- Visit the museum
- For Vikings
- History & research
This cultural movement is growing strongly both within and without Europe. In the summer of 2007, there were perhaps between nine and ten thousand serious Viking re-enactors and our numbers are increasing rapidly.
Viking re-enactors are not geeks, dressed up to play theatre! The Vikings in the international Viking society have found a way of life far away from the stressful ways of modern times. The daily life is, of course, quite modern but during summer seasons and weekends you have the possibility to enjoy the camaraderie of your fellow vikings and the fascination history offers.
In The Viking movement you will find people of all generations, men as well as women. Young or old – it doesn’t matter as long as you have the right frame of mind. If you, for instance, at some Viking market see a crib with fur beddings you will know that here is a future Viking in making. If you meet an elderly man doing carpentry work, you will know that here is a great source of experience and knowledge.
During summers, many Viking markets are arranged all over Europe. There you have the opportunity to meet old friends and to make new ones. Usually, you travel to these markets with your local Viking group and create your own authentic camp.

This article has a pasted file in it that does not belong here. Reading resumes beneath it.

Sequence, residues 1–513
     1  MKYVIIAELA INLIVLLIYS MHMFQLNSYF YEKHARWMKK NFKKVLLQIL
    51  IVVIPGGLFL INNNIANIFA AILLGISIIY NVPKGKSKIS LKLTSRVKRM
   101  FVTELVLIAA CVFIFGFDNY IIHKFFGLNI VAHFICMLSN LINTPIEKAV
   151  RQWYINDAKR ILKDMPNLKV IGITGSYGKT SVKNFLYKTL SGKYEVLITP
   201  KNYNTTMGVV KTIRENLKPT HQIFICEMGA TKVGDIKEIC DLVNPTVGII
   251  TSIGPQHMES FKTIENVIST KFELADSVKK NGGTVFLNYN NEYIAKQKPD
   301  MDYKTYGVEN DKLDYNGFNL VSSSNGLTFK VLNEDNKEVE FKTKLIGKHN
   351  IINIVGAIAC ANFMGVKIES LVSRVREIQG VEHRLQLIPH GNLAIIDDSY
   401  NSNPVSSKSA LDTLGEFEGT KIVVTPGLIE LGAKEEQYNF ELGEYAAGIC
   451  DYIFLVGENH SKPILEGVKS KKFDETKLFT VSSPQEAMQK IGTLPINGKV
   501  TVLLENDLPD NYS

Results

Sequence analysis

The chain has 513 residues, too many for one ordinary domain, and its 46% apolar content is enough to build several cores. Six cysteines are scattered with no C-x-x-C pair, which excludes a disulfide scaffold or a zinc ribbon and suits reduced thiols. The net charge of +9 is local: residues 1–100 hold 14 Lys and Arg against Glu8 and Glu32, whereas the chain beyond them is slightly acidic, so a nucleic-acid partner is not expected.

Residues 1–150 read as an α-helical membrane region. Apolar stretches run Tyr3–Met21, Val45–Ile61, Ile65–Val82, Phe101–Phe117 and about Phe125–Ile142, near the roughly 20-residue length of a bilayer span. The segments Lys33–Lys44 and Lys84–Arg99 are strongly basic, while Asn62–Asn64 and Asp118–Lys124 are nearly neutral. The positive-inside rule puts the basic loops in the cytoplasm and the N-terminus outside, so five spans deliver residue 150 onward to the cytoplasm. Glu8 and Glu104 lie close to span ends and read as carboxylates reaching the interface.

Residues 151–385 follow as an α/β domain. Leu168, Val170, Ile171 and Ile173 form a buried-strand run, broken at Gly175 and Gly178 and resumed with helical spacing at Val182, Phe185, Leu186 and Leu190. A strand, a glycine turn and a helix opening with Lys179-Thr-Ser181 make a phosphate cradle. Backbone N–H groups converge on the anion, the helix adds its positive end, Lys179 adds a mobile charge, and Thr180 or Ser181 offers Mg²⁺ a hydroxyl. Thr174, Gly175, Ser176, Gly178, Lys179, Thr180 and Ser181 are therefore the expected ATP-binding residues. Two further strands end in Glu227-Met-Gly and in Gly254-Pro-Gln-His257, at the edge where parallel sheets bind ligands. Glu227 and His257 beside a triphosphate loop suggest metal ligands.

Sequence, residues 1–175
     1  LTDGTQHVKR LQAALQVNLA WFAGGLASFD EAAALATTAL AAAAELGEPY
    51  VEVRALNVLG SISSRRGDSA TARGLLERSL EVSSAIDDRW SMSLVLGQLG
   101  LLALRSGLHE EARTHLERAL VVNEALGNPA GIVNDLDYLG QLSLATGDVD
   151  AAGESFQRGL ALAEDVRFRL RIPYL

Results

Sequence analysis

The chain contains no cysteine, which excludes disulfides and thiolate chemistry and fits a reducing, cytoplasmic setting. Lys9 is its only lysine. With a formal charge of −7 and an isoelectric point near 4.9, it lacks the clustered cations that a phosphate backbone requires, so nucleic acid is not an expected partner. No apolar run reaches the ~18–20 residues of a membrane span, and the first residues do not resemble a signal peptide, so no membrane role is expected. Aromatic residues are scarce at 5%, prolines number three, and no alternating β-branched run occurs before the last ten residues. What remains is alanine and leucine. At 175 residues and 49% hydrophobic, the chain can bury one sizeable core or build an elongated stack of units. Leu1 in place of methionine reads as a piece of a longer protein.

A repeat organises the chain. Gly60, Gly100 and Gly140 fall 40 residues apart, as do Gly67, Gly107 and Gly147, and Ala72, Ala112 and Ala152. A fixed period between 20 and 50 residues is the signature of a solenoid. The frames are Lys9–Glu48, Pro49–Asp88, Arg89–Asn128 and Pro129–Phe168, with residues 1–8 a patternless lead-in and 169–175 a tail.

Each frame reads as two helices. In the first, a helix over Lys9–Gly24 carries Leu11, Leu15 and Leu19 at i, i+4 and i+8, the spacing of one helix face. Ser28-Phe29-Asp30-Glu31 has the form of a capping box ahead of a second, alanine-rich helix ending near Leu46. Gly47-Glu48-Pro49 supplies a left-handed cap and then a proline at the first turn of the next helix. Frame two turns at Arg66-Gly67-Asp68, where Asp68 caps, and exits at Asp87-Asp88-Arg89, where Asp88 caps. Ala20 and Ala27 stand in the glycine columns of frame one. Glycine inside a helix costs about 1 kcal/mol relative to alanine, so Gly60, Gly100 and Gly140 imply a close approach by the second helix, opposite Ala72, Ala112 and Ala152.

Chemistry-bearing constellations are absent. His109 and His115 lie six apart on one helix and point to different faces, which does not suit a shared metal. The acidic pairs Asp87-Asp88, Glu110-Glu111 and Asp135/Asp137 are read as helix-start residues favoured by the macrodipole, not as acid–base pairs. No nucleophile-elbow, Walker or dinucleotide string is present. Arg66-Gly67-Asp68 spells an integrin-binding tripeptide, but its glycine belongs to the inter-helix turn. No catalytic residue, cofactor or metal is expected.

The Viking movement is a cultural expression that does not accept history to be locked away for the benefit of historians and antiquarians at museums and archives. These are naturally of great importance as safe keepers of artefacts and original records of our common Heritage, but the dusty world of The Academy needs renewal and fresh alternatives. As a Viking you are offered another way of identifying with the terms of life of our ancestors one thousand years ago.
The Viking movement demands openness and tolerates no prejudice or discrimination. On the 28th of June 2001 in Tinghöll, the great festivity Hall of Foteviken, 65 Viking leaders from 18 nations accepted the Laws of Foteviken. The most important law can be seen below.
Not very much, actually. If you join an established group you will probably soon become a part of the fellowship. You will want to have your own set of authentic clothes and equipment. Initially, you might be able to borrow the basic items. Remember, it takes time to assemble a complete kit. Therein lies some of the thrill. You will gradually add to and refine your equipment with newfound handicraft skills or by trading with other Vikings. You will want to learn more, and can do so either by private studies or by discussions with your fellow Vikings.
A positive frame of mind is helpful. You should be willing to be yourself and share your skills and joyfulness with your fellows. You should realize that the will and the power of the fellowship stems from yourself. You should take your own initiatives and not expect everyone else to pull the heaviest load.
In this case you can join the Viking Reserve’s own support group, SVEG. As part of this association you find “the Byalag”, divided into the different sections of boat building/sailing, cultivation, handicrafts, archery and fighting. The activities usually take place during Saturdays in The Viking Reserve, where SVEG has it’s club house. You can find more information about SVEG and whom to contact on the internet at www.svegsbyalag.se. The annual fee is 150 SKR. As a member you have permanent free access to The Viking reserve.
There are many Viking groups that you could apply for membership in, or you could form your own group. If you need advice about founding your own group, we at The Museum of Foteviken might be able to help. E-mail us at email@example.com